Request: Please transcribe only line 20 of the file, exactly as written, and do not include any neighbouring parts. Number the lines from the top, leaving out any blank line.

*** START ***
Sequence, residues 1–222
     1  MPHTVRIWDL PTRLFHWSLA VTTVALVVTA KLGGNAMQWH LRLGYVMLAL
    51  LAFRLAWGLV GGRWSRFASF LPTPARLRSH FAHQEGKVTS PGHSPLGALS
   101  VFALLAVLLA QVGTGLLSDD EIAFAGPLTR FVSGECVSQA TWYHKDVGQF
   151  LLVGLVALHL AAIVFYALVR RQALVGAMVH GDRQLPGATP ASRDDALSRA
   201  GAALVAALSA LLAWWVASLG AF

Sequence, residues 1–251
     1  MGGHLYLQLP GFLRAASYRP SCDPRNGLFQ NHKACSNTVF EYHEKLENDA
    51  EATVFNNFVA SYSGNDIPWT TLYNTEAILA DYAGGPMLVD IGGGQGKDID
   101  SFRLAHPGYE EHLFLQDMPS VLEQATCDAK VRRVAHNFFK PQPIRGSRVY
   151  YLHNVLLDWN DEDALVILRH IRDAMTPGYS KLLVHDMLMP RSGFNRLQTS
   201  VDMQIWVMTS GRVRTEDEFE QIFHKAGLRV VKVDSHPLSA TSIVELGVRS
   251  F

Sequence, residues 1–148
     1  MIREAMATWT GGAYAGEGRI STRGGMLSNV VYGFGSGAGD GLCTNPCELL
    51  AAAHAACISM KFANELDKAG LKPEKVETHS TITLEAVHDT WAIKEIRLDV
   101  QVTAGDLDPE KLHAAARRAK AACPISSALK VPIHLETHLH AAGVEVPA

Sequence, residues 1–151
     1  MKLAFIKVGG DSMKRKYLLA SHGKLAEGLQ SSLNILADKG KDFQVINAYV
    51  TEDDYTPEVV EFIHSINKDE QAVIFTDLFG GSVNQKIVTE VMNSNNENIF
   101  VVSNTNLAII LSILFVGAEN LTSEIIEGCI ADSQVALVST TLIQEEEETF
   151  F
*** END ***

    51  TEDDYTPEVV EFIHSINKDE QAVIFTDLFG GSVNQKIVTE VMNSNNENIF